- New York is in the top 10 when it comes to overall spending for family support services - $56 million - but almost every state spends more money per family.  This has to do with the sheer number of NY families who need family support services - a total of 41,571 families (highest in the country with the exception of California which has roughly 81,000 such families). 

- New York has a waiting list of roughly 4,400 people for residential services.  Only 5 states have longer wait lists. 

- If you look at total expenditures, New York is the highest of all states.  If we're spending so much money, why aren't we seeing better results?

I am not an expert in interpreting these data and my review of these figures is cursory at best.  But I think a thorough understanding of what is going on here is important and that includes understanding why certain states consistently lead or trail.  The study suggests that the size of a state's population or the affluence of its constituents is not the reason.  California is a large state, Vermont is a small state, and both are leaders.  Massachusetts is considered a wealthy state while Arizona is considered less affluent - both are leaders.  According to UCP, Arizona and Vermont have consistently been ranked at #'s 1 and 2 since 2007.  I think it would be useful to understand why this is the case and bring some of those tricks to New York.

ICare4Autism's Annual International Autism Conference in NYC

Yesterday I attended ICare4Autism's Annual International Autism Conference held at the Albert Einstein College of Medicine at Yeshivah University in New York City.  The event, called "Autism: A Global Perspective," centered around a discussion about the latest medical and educational research and the process of finding the causes and treatment for Autism Spectrum Disorders.  The full-day event featured leaders in the field from around the world.  Some sessions focused on the bio-medical side discussing, for instance, research relating to metabolism and genetics issues affecting individuals with autism.  On the educational-behavioral side, sessions included: The Welsh Government's National ASD Strategy; Intervention Targeting Development of Socially Synchronous Engagement in Toddlers with ASD; and The Ecological Assessment of Executive Function in Autism.  The event was informative, enlightening, and, at times, inspiring.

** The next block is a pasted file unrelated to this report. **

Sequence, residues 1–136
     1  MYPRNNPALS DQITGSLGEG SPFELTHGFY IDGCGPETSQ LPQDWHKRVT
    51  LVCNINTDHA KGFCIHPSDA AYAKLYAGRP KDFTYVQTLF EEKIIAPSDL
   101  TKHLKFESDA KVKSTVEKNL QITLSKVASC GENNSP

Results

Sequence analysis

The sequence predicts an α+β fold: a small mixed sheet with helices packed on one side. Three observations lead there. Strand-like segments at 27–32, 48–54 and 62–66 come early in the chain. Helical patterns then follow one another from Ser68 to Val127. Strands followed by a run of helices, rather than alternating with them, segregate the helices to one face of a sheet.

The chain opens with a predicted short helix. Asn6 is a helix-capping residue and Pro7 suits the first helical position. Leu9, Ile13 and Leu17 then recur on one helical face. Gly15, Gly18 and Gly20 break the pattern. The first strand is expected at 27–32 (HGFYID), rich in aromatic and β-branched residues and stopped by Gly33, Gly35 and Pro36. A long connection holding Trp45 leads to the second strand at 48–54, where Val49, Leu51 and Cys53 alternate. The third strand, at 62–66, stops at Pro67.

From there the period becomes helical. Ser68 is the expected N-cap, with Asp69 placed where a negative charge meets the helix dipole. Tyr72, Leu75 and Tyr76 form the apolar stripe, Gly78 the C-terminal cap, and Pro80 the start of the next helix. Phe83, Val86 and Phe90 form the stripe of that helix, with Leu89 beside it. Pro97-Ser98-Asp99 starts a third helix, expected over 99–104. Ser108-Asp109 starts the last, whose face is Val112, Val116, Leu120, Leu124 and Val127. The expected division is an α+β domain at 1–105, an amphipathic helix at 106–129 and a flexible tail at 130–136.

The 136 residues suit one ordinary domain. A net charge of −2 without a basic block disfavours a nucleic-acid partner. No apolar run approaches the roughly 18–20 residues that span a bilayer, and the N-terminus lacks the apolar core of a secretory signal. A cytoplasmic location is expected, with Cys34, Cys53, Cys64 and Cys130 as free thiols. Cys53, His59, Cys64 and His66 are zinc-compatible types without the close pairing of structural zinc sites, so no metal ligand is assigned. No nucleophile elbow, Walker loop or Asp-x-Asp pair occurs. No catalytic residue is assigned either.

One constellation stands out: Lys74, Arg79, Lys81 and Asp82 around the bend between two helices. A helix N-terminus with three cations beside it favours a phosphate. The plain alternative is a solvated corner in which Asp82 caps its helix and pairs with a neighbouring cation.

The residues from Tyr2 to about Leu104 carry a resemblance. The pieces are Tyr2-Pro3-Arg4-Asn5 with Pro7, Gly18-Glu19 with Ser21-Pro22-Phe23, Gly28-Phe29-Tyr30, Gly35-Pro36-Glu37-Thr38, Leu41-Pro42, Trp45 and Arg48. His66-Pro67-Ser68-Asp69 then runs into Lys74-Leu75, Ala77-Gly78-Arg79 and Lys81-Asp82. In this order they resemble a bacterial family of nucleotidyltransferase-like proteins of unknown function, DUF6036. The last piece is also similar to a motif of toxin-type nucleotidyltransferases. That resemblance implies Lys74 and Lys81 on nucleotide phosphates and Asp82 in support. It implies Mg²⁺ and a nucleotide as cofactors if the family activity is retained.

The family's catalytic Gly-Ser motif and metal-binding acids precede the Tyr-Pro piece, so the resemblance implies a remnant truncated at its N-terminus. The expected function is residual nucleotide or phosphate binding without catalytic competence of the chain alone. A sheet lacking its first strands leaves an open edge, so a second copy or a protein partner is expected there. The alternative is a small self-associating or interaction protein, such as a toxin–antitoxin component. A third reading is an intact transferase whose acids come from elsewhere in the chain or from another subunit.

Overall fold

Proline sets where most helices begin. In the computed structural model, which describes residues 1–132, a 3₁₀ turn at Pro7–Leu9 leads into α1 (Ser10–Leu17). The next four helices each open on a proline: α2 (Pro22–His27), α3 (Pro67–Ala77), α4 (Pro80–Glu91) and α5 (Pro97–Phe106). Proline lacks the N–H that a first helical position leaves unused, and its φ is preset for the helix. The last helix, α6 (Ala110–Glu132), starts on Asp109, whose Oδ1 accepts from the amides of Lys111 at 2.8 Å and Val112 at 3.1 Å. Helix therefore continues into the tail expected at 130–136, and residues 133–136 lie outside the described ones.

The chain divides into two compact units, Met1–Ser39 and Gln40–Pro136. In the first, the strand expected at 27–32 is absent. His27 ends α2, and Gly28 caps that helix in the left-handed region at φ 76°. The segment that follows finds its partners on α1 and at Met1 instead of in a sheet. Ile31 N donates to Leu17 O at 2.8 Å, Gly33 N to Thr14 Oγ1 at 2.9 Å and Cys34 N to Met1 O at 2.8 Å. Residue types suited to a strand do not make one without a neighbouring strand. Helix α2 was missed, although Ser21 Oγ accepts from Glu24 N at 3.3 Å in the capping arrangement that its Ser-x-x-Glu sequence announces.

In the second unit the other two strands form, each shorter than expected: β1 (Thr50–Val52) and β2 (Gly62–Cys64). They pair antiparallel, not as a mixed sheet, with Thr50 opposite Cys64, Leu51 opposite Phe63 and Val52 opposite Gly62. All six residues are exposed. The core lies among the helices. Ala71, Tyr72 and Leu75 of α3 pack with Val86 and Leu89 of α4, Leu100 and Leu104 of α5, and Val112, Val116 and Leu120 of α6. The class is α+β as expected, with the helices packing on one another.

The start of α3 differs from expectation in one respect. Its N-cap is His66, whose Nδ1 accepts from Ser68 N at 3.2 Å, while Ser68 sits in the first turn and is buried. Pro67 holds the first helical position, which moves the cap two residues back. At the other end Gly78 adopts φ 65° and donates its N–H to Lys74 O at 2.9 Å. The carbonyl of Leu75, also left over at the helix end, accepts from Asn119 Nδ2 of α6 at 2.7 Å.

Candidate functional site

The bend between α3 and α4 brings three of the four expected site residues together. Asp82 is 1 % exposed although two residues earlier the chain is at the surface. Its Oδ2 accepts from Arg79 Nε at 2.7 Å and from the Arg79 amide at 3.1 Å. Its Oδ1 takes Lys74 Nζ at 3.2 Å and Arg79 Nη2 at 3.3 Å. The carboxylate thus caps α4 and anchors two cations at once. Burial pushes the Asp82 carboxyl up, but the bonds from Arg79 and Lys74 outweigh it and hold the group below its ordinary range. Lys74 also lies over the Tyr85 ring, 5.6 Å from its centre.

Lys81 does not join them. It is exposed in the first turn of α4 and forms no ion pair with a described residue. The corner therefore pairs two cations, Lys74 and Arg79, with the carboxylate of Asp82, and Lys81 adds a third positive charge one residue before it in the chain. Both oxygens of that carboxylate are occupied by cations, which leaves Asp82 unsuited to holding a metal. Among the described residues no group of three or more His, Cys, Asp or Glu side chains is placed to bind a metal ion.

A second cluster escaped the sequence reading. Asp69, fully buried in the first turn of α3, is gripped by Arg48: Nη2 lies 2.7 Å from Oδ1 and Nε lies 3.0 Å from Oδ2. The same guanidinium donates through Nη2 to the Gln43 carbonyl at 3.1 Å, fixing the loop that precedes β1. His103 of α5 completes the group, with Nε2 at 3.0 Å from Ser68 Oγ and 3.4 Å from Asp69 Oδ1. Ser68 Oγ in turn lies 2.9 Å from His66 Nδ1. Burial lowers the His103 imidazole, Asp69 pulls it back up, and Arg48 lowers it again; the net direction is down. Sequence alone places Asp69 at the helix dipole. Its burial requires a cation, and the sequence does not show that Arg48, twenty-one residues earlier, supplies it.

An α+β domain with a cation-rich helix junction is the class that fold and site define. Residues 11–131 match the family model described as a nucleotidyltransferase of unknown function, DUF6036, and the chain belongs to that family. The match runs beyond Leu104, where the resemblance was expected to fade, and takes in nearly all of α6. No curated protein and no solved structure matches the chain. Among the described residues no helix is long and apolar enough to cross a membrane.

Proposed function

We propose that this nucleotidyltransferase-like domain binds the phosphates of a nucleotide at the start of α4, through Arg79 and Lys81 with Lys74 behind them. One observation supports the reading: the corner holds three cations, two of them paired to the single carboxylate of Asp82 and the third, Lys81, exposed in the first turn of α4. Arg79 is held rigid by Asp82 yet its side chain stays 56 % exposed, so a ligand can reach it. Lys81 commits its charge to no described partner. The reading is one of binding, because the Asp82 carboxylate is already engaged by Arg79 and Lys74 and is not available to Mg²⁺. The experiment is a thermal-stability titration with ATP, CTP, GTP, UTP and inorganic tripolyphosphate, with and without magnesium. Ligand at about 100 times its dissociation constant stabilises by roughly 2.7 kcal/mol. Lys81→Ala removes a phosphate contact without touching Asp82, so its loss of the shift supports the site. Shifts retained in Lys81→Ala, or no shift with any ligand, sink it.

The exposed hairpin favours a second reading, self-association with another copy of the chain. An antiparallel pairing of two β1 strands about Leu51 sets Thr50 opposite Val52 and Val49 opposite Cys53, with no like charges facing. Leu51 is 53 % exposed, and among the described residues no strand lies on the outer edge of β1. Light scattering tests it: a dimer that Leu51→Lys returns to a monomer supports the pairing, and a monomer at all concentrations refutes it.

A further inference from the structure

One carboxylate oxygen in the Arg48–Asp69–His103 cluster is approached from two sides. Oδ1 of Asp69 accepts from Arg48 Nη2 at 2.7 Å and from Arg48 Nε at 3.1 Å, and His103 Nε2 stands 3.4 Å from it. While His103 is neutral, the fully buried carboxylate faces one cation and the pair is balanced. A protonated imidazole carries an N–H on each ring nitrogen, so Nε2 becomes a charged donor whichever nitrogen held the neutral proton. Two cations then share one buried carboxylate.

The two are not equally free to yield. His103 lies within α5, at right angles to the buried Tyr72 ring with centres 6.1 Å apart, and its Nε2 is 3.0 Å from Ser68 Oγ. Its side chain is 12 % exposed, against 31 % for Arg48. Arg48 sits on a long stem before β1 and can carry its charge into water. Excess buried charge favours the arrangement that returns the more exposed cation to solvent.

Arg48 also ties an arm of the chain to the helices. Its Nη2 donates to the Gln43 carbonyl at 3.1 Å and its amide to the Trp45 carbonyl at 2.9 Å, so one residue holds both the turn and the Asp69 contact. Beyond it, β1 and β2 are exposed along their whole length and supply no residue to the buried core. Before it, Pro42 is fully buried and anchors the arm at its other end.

ICare4Autism is an organization dedicated to tackling the global autism crisis by convening a global community of researchers, educators, and advocates to catalyze breakthrough innovations in autism research, diagnosis, and clinical intervention.  Dr. Joshua Weinstein, the founder and president of ICare4Autism, has been an educator and administrator for more than four decades and is dedicated to helping children with special needs.  Currently Dr. Weinstein is in the process of establishing a global autism center in Jerusalem.  The center seeks to provide a meeting ground for researchers, educators, and advocates involved with this cause and to create opportunities for powerful collaborations for the detection and treatment of autism.  It will also offer a special education school program to meet the needs of Israeli children on the autism spectrum.  The research and education center is slated to open in 2014. 

Tuesday, July 5, 2011

Asperger's Teenager Shot Dead By Two Cops In Florida




The story of a young man with Asperger's, a form of autism, who was shot dead by cops in Florida last week is as confusing as it is sad. The mother of an 18-year-old man called the police for assistance responding to her son's menacing behavior. Suffering from depression, he was threatening to commit suicide with a knife in his hand. The mother hoped that the police would assist in taking him to a hospital and getting him proper medication. The police who responded went into the home and ended up shooting him with deadly force because of some perceived threat to their safety. Assuming that the cops were unable to approach him because of the knife, aren't they trained in other forms of restraint? And assuming that they absolutely had to shoot, aren't they trained in how to accomplish this without causing fatality? This is a hearbreaking tragedy for the family and a reprehensible and disgraceful intervention by the police department.